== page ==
Celebrating OU Kosher’s Centennial
Your recent issue, “Celebrating 100 Years of OU Kosher” (winter 2022), preoccupied me from Kabbalas Shabbos straight through to Havdalah. Each page is chock full of fascinating facts and history about the movers and shakers who shaped the OU and the entire kashrus scene in America for the past one hundred years. The piece I found most fascinating was about “plant-derived meat.” How appropriate to end off with an article exploring what lies ahead in the world of kashrus.
My family knows not to dare put Jewish Action in the recycle bin. Issues of Jewish Action form their own treasure trove in my bookcase. Thank you for producing a first-class publication.
Susie Berzansky Bensoussan
Rochester, New York
Thank you for your edition dedicated to surveying 100 years of OU Kosher. And thank you to the OU for certifying a myriad of kosher products, available to Jews (and non-Jews) all over the world. It is truly amazing that so many markets, shops, gas stations, rest areas and of course, mega supermarket chains offer kosher products. My hope is that the OU will expand kosher certification so that the health conscious will also be able to visit their favorite health food stores and buy hundreds of kosher and nutritious foods to their body’s content.
Zev Bar Eitan
Nof Ayalon, Israel
Remembering Rabbi Rosenberg
In the fifties, when I was in my early twenties, I left my home in Toronto and moved to New York. I got a job working at the front desk at the OU. I loved my job and especially enjoyed working with Rabbi Alexander Rosenberg (“Legends in the Kosher World” [winter 2022]), who was kind and friendly and had a great sense of humor. Rebbetzin Rosenberg visited often, and like her husband, was warm and friendly.
I recall that before Pesach we were flooded with hundreds of calls regarding kashrut questions. I will never forget the wonderful years I spent at the OU.
Oreos: The Back Story
Readers might be interested in part of the back story of Oreo® and other Nabisco cookie products becoming OU certified in 1997. The story starts with the development of a new ice cream flavor: “Cookies and Cream.” Nabisco (subsequently Kraft and now Mondelez) was selling the cookie part (not the inside cream) to these ice cream companies and was using an OU-certified kosher co-packer to produce these cookies, since Nabisco did not have the necessary capacity in house to make the product themselves. As a result, these cookies were technically OU-certified.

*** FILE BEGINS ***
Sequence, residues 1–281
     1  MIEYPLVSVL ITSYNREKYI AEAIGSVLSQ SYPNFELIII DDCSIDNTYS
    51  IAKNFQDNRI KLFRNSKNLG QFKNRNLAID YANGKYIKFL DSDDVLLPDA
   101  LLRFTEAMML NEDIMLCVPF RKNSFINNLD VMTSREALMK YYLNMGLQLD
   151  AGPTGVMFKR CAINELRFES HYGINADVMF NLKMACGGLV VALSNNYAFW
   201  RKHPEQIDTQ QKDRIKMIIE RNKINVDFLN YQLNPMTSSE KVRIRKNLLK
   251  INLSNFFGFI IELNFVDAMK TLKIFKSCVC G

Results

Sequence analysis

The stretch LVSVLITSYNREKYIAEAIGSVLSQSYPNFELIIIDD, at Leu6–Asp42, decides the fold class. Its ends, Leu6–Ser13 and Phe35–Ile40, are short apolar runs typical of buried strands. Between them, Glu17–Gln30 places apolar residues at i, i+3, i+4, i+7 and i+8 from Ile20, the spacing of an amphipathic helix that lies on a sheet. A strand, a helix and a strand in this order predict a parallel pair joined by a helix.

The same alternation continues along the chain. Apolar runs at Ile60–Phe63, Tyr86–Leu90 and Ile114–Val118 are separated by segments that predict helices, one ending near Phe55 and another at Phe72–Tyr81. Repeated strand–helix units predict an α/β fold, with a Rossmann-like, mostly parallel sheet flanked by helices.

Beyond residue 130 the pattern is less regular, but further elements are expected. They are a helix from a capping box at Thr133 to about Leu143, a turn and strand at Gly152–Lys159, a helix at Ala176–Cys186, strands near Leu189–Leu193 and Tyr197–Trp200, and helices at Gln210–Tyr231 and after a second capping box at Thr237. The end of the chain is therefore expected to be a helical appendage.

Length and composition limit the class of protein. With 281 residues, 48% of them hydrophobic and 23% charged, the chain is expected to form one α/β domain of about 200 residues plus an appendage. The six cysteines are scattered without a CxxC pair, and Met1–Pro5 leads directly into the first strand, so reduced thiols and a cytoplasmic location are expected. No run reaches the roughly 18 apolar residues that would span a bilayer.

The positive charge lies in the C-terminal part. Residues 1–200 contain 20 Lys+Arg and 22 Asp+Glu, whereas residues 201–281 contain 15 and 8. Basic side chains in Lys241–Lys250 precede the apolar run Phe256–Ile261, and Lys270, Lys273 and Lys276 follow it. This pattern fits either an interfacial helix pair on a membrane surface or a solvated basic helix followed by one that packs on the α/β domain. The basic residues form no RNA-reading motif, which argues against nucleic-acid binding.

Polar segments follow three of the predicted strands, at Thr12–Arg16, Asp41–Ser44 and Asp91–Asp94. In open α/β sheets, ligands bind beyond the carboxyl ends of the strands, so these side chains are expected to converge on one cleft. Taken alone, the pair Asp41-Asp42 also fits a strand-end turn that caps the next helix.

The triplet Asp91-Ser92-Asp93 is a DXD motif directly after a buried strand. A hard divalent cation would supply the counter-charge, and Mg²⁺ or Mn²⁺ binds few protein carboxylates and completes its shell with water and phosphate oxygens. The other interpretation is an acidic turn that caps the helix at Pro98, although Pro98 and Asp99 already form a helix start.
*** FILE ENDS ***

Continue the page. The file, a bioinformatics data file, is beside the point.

The ice cream companies wanted to call the product “Oreo Cookies and Cream,” which they believed would increase sales. Rightfully, the OU said no—it would confuse kosher consumers, who knew at that time that Oreo cookies were definitely not kosher. What to do? The director of Nabisco’s foodservice marketing division at the time was a professional friend, and she reached out to me for help. I spent a full day at Nabisco’s home office in East Hanover, New Jersey, talking about kosher, starting with a general introductory talk followed by individual, detailed discussions with various stakeholders—marketing, production, and research and development—to help the company understand the opportunities and challenges of Nabisco going kosher. Nabisco then chose to work with the OU to undertake the slow process of transitioning ten cookie-baking plants in the US over to kosher. Each plant had about ten ovens that were approximately 300 feet long, as well as expensive non-kasherable belts that were longer than the ovens themselves. This conversion, which took over three years to complete, was probably one of the most complex factory transitions to kosher. The details of that part of the process are a story for the OU itself to tell.